• ly cured. 25. A light-
    • flecting or transflecting device, comprising: a housing; an electrode substrate;an anisotropic conductive film (ACF) electrically connecting the housing and the electrod
    • substrate, comprising: a non-reflective adhesive layer including a top surface; a plurality of conductive particles included with the non-reflective adhesive laye
    • the conductive particles being substantially in the form of a perturbed array; and a reflective adhesive layer disposed along the top surface of the non-reflective adhesive layer, wherein the reflectiv
    • adhesive layer includes at least 30% reflective particles by percentage weight; and a plurality of chip bumps or thin
    • ilm transistors in contact with at least a portion of the con uctive
      • articles. 26. The light-reflecting or transflecting device of claim 25, wherein the conductive particles are at an interf
    • ce between the non-reflective adhesive layer and the reflecti e adhes
      • ve layer. 27. The light-reflecting or transflecting device of claim 25, wherein the perturbed conductive particle array is substantially located near th
    • interface or interphase between the reflective layer and non reflect
      • ve layer. 28. The light-reflecting or transflecting device of claim 25, wherein the perturbed conductive particle array is substantially
    • located near the chips, thin film transistors, or electrodes onded b
      • the ACF. 29. The li ht-reflec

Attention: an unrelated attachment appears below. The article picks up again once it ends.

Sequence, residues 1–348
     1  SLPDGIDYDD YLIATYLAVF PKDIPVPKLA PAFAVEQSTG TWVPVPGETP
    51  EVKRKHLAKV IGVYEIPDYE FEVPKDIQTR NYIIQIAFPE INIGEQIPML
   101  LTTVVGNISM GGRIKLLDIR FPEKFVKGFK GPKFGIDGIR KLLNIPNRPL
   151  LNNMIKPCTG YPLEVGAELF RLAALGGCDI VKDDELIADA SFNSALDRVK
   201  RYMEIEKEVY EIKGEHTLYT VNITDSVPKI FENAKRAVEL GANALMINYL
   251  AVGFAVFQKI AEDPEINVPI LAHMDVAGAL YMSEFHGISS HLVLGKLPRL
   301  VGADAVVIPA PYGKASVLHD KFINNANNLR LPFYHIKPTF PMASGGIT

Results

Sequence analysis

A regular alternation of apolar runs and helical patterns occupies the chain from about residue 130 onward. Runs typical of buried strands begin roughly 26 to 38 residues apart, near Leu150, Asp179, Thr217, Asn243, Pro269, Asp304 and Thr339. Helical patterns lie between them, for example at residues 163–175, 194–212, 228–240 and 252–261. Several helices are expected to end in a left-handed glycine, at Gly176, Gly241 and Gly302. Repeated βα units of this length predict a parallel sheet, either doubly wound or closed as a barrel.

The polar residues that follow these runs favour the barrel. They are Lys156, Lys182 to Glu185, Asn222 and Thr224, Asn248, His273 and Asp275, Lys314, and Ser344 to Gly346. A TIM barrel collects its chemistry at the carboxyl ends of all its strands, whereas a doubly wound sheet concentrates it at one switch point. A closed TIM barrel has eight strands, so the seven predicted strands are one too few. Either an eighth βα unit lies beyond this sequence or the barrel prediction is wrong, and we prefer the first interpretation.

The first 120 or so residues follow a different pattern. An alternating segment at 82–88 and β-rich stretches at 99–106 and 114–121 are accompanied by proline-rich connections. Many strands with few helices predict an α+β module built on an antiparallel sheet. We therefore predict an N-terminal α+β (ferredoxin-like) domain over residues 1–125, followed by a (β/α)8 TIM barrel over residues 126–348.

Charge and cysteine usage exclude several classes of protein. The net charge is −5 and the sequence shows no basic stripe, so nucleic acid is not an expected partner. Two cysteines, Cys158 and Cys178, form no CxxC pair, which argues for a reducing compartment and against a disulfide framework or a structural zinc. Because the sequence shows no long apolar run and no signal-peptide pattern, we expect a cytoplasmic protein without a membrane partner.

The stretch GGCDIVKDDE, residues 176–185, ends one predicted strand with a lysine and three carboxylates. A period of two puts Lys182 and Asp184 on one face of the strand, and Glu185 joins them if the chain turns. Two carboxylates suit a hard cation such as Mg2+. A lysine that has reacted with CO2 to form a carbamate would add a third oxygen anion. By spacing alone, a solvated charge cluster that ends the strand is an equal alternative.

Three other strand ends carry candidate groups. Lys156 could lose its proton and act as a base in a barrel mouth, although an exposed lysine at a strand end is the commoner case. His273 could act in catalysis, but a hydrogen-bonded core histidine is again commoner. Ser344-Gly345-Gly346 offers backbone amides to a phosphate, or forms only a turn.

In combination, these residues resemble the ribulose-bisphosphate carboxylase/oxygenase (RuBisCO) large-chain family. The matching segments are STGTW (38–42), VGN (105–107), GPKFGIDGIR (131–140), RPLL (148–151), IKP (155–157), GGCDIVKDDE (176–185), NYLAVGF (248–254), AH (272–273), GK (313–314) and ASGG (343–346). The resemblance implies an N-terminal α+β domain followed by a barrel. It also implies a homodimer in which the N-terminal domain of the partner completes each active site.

• flective layer comprises about 40 wt. % to about 75 wt. % ref ective
      • articles. 30. The light-reflecting or transflecting devic of claim 25, wherein the reflective
    • -oxide (IZO), tin oxide (SnO), zirconium oxide (ZrO2), and
      • their alloys thereof. 31 The lig
    • g or transflecting device of claim 25, wherein the reflective particl
      • s comprise TiO2 /sub>. 32
    • alcium carbonate (CaCO3
      • >), cal ium sulfate (CaSO
    • 33. The ACF of claim 25, wherein the ACF further comprises a quantum
      • dot in the non-reflective layer, the
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Description

FIELD

This disclosure relates generally to an anisotropic conductive film (ACF). More particularly, this disclosure relates to an ACF including a non-reflective adhesive layer and a reflective layer. The reflective layer may be an adhesive layer including a reflective additive, or a thin film deposited reflective layer. The reflective layer of the ACF results in improved light output and color purity characteristics when the ACF is part of a light-emitting or a light-transmitting device. Additionally, the reflective layer of the ACF may also improve attachment of the ACF to an electrode substrate.

BACKGROUND

Anisotropic conductive films (ACFs) are commonly used in flat panel display driver integrated circuit (IC) bonding. A typical ACF bonding process includes a first attachment step in which the ACF is attached onto the electrodes of the panel glass or flexible printed circuit (FPC) board, a second step in which the driver IC bonding pads are aligned with the panel electrodes, and a third step in which pressure and heat are applied to the bonding pads to melt and cure the ACF within seconds. The conductive particles of the ACF provide anisotropic electrical conductivity between the panel electrodes and the driver IC.